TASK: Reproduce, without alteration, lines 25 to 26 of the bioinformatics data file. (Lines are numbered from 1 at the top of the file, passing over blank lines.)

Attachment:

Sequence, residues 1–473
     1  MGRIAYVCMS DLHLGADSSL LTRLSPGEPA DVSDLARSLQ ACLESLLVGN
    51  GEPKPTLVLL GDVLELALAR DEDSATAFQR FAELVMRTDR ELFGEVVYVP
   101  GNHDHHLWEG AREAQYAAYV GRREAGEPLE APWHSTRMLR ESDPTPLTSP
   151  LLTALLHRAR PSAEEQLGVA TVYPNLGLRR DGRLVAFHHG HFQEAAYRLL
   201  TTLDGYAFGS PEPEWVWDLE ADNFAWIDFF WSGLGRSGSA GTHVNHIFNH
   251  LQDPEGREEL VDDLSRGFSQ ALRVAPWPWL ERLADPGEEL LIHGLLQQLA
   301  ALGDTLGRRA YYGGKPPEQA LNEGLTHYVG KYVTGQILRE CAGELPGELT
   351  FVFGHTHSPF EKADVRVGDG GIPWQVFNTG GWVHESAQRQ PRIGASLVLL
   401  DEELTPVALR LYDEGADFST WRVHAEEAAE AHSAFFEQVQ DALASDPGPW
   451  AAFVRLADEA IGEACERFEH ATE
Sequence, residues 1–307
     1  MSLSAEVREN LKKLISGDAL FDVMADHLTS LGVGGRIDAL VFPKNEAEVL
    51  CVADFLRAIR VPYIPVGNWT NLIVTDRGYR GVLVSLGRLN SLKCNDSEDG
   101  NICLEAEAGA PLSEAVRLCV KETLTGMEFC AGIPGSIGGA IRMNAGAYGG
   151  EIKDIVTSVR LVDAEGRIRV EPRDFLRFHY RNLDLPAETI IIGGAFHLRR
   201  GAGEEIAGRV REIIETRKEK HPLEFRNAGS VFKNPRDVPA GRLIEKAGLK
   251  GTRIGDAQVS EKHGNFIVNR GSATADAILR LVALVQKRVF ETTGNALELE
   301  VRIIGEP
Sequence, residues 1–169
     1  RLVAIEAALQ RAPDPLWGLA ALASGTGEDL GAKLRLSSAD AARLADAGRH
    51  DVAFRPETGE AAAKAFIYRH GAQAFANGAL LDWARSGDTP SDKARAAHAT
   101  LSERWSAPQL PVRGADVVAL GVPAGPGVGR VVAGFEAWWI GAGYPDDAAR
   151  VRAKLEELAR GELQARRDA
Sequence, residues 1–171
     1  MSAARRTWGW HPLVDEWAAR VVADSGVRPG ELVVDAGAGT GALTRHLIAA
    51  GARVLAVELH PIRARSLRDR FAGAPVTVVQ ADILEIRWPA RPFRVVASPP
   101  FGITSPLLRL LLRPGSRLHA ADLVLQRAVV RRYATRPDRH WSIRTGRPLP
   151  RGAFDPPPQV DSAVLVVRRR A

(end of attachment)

Sequence, residues 1–171
     1  MSAARRTWGW HPLVDEWAAR VVADSGVRPG ELVVDAGAGT GALTRHLIAA